Who am I not to forgive somebody else?  Who do I think I am?  Well, I certainly can’t forgive you.  God forgave them.  Who do I think I am?  Psalm 23 says this: “Mercy shall follow me all the days of my life.”  Why?  Because I have to have mercy all my life long because I sin.  And if God is so merciful, without His mercy ever being diminished, who am I to be unmerciful to anyone.  No wonder so much of Christianity is short circuited in its power.  So many unresolved conflicts with people.  So, go away from the altar until you get your life right.  If you regard iniquity in your heart, Psalm 66 says “The Lord will not,” what?  “Hear you.”  If you’re harboring something, He won’t hear you. 

And James says it again; it just isn’t in the gospels.  James says it, 2:13: “For he shall have judgment without mercy that has shown no mercy.”  You put yourself in a chastening position.  The Lord will really unload His chastening if you’re not merciful to others.  I mean, everybody manifests the same weakness in different ways.  Let’s be forgiving.  Robert Louis Stevenson lived in the South Seas, and it was his habit with his children to gather them around him every day.  At the close of their little discussion together, they would say the Lord’s Prayer, as he calls it.  He began to repeat the Lord’s Prayer, and got half way through it, and he arose and walked away.  At that time of his life his health was rather precarious, and so his wife assumed that he was feeling ill.  And she went to him and she said, “Is there anything wrong?”  “Only this,” he said, “I am not fit to pray this prayer today.”  Well, I guess that’s where it starts, doesn’t it?  With a recognition that you’re not fit.  Don’t come asking for forgiveness that you’re not willing to give.  Matthew chapter 18 will provide us with a final look to illustrate this tremendous truth.  Matthew chapter 18, verse 21.  The whole text prior to this, by the way, down to verse 15, deals with the same issue but we don’t have time to go into it.  Where somebody has sinned, and you go and seek reconciliation, and then you take somebody with you, and then tell it to the church.  And it’s dealing all with sin, this whole thing, and forgiveness.  And so Peter, in response to what the Lord has said about the sinning brother in the church and all, Peter says: well Lord, how often shall my brother sin against me and I forgive him?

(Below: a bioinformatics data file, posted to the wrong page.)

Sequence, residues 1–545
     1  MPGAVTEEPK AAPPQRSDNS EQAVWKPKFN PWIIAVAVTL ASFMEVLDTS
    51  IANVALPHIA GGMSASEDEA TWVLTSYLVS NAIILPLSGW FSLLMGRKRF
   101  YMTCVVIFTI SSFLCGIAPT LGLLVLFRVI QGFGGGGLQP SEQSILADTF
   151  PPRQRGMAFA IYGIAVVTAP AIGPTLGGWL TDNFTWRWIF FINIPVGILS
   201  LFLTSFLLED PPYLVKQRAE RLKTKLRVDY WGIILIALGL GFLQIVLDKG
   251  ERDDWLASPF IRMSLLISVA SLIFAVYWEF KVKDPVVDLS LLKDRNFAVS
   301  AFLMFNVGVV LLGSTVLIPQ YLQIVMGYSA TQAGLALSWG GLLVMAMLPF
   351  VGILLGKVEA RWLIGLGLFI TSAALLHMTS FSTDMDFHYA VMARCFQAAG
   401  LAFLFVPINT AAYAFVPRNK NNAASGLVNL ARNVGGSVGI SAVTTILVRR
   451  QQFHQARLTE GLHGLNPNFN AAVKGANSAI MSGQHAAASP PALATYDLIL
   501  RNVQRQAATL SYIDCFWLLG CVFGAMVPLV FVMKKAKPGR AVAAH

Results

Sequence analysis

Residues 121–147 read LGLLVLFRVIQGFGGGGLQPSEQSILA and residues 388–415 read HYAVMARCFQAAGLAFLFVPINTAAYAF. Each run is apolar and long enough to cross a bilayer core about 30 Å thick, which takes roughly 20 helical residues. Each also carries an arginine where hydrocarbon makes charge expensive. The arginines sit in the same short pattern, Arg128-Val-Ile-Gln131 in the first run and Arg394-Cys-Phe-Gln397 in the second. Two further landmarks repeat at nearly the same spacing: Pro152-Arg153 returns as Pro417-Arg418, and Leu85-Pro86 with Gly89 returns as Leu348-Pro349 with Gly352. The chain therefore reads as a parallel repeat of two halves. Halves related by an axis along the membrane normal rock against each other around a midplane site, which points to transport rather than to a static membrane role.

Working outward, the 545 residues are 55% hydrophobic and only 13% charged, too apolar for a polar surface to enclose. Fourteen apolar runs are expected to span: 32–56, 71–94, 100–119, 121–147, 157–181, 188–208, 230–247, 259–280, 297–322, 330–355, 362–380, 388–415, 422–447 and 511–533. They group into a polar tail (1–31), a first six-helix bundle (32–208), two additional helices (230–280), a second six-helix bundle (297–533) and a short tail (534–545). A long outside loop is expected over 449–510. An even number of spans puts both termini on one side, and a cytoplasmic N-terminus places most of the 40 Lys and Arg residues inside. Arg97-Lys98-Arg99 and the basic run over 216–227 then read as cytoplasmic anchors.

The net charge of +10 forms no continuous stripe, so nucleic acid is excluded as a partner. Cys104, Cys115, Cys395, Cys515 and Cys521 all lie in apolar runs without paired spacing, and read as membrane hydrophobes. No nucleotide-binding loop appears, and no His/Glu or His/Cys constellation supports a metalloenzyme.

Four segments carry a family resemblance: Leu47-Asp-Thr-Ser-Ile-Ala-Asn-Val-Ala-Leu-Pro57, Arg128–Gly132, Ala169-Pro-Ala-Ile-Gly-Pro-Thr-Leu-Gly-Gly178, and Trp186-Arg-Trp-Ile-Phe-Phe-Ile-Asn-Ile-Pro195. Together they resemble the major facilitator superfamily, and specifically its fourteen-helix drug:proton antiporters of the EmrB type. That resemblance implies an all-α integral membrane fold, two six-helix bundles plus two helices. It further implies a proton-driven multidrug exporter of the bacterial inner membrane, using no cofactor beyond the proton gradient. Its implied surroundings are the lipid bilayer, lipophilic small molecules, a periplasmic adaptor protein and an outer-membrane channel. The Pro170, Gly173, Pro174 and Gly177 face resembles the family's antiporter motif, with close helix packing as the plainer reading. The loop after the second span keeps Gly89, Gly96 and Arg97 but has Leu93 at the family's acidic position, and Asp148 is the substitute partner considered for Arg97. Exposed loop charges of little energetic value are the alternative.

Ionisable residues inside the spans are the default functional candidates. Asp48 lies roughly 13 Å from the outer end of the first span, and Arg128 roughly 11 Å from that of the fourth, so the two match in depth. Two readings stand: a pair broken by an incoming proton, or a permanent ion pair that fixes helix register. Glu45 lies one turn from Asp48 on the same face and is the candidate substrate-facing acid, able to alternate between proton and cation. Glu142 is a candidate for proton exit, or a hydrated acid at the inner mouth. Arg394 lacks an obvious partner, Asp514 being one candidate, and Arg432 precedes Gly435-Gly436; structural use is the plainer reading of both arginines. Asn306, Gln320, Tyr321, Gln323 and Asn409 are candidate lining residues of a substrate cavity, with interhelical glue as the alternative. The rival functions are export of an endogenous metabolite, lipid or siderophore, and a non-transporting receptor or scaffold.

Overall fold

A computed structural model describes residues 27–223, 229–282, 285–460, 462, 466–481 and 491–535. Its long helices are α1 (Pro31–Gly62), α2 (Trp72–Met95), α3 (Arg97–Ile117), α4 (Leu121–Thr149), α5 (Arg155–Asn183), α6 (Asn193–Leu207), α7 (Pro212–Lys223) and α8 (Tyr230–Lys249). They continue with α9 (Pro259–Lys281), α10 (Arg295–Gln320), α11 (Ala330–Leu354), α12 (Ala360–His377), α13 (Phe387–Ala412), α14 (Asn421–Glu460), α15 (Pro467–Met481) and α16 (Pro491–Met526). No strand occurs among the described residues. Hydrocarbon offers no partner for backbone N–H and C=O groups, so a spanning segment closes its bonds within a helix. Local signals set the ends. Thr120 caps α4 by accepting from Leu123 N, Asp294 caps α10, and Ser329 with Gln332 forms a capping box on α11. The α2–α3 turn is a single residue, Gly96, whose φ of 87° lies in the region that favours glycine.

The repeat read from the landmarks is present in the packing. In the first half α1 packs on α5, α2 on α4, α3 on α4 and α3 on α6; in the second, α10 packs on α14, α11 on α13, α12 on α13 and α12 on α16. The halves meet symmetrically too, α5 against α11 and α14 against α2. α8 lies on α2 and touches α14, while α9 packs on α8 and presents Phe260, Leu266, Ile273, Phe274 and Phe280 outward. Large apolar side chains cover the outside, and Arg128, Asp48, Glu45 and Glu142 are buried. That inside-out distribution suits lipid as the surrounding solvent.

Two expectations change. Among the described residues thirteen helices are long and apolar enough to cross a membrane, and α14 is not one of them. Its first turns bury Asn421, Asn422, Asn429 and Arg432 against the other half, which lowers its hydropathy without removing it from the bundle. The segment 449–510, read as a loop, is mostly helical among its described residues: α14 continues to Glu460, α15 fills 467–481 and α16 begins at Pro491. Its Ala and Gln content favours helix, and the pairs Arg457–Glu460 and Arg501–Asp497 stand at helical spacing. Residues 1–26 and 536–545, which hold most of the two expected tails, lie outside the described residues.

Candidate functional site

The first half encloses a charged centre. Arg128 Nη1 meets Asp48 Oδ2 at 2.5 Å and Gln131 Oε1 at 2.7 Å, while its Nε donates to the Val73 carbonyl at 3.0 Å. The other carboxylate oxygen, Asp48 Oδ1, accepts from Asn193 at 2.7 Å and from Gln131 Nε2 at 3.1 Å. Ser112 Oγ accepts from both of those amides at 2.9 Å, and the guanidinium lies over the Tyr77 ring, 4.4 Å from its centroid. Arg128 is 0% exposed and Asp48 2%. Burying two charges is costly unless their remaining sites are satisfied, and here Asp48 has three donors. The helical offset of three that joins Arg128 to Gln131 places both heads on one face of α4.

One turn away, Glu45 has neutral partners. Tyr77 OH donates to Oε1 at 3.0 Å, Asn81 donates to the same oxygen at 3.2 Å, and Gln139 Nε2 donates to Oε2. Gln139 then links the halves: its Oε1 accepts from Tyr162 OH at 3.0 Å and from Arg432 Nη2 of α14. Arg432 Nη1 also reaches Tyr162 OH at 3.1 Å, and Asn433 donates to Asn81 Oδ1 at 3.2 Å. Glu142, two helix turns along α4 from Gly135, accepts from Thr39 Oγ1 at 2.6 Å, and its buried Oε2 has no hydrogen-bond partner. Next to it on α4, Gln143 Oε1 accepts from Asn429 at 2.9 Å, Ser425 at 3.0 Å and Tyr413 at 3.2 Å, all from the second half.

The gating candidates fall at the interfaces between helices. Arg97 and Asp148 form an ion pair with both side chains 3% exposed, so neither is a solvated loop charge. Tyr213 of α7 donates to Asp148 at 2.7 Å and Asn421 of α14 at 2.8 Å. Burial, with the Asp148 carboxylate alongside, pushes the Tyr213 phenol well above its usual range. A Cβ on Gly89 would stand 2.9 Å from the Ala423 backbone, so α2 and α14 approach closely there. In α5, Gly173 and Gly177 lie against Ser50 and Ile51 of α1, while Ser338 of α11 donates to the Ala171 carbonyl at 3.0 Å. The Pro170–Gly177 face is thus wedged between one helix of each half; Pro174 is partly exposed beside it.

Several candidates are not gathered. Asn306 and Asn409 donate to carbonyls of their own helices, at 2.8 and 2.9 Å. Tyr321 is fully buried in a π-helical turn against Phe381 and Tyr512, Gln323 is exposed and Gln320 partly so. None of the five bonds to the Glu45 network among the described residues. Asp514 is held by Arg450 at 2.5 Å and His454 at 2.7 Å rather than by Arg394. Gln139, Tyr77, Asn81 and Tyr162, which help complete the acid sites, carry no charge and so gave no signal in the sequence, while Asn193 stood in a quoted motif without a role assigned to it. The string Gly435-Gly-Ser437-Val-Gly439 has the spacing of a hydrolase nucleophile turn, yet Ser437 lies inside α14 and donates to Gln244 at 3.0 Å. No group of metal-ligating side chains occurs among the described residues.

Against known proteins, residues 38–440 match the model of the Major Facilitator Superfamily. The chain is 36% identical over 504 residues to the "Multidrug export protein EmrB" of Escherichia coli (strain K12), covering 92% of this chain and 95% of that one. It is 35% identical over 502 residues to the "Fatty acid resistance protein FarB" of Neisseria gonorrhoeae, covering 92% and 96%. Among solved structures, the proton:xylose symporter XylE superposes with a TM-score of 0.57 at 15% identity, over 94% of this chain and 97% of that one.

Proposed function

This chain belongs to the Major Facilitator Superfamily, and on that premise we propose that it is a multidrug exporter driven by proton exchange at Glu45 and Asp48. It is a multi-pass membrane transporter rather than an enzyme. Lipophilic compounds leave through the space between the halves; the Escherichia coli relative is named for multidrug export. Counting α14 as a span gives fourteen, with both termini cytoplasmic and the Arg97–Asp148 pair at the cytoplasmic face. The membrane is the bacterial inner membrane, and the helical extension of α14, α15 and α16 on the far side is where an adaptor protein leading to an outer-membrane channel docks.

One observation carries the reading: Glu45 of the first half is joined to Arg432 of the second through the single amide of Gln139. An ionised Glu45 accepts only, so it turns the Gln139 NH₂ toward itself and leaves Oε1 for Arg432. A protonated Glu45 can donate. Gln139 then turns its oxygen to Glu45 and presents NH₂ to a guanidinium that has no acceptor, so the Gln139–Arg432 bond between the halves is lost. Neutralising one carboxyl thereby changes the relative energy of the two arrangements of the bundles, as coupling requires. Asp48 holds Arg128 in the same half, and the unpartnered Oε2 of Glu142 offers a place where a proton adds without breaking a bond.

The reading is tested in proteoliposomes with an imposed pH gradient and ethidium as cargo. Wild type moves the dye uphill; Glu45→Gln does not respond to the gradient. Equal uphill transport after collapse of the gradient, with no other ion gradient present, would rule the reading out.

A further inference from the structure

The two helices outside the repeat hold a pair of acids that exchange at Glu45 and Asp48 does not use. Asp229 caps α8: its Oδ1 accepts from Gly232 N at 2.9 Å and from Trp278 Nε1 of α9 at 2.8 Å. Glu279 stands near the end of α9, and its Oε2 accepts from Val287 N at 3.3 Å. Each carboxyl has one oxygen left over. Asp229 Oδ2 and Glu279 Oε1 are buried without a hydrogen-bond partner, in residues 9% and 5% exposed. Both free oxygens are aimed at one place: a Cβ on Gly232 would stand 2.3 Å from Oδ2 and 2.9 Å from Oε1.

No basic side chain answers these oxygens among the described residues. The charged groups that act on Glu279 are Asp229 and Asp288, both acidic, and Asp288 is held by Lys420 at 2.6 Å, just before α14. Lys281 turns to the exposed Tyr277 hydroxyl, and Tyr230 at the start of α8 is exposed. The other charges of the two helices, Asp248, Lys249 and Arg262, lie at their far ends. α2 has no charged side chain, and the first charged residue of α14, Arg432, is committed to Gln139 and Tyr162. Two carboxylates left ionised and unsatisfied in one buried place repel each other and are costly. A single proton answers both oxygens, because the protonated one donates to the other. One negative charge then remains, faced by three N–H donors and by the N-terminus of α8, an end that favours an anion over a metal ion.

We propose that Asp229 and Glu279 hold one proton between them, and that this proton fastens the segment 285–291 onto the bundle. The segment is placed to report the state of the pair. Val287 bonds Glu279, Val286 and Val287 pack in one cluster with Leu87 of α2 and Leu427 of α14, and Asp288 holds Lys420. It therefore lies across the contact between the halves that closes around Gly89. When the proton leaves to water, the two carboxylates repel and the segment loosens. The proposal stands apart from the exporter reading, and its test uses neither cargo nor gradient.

Now, the rabbis taught three times.  Three times you are to forgive.  Peter thought he was being magnanimous.  Seven times?  Shall we double the rabbinic tradition plus one?  Jesus said unto him, I say not unto thee until seven times but seventy times seven.  Indefinitely, infinitely, unendingly.  Why?  For we are to forgive as God for Christ’s sake has forgiven us.  And how has He forgiven us?  490 times?  Better hope not.  ‘Cause if you hit 491 before you die, you’re in real trouble.  He forgives us indefinitely.  That’s what our Lord is saying. 

Then He says, let me illustrate it to you, verse 23: “Therefore is the kingdom of heaven likened unto a certain king who had to take account of his servants.  And when he had begun to reckon, one was brought unto him who owed him ten thousand talents.”  Now, stop there for a second.  This guy was a real rat, I want you to know: the scum, the worst.  Ten thousand talents is so much money that it’s very hard for us to conceive, and he owed 10,000 talents.  You say, well, how could a servant ever owe that much?  He probably stole the crown of jewels and hocked them, and lost it all on a bad investment.  Somehow, he was pilfering from the king’s treasury.  To become indebted to that point is absolutely inconceivable at that time in the history of the world.  That 10 million dollars would be beyond anybody’s capacity to even understand.  The guy has been robbing the king systematically.